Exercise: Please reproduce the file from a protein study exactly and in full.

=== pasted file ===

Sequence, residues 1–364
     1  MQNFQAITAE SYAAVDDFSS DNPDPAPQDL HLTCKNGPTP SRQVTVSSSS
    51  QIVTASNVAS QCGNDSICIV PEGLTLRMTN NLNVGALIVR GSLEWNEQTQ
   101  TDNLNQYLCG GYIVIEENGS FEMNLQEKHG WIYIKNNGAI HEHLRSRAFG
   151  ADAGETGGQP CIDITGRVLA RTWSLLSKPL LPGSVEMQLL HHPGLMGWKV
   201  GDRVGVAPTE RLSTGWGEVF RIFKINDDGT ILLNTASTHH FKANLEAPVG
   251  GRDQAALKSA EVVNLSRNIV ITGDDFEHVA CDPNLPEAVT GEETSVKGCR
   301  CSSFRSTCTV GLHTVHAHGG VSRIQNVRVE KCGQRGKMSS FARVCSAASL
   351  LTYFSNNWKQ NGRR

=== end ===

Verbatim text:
Sequence, residues 1–364
     1  MQNFQAITAE SYAAVDDFSS DNPDPAPQDL HLTCKNGPTP SRQVTVSSSS
    51  QIVTASNVAS QCGNDSICIV PEGLTLRMTN NLNVGALIVR GSLEWNEQTQ
   101  TDNLNQYLCG GYIVIEENGS FEMNLQEKHG WIYIKNNGAI HEHLRSRAFG
   151  ADAGETGGQP CIDITGRVLA RTWSLLSKPL LPGSVEMQLL HHPGLMGWKV
   201  GDRVGVAPTE RLSTGWGEVF RIFKINDDGT ILLNTASTHH FKANLEAPVG
   251  GRDQAALKSA EVVNLSRNIV ITGDDFEHVA CDPNLPEAVT GEETSVKGCR
   301  CSSFRSTCTV GLHTVHAHGG VSRIQNVRVE KCGQRGKMSS FARVCSAASL
   351  LTYFSNNWKQ NGRR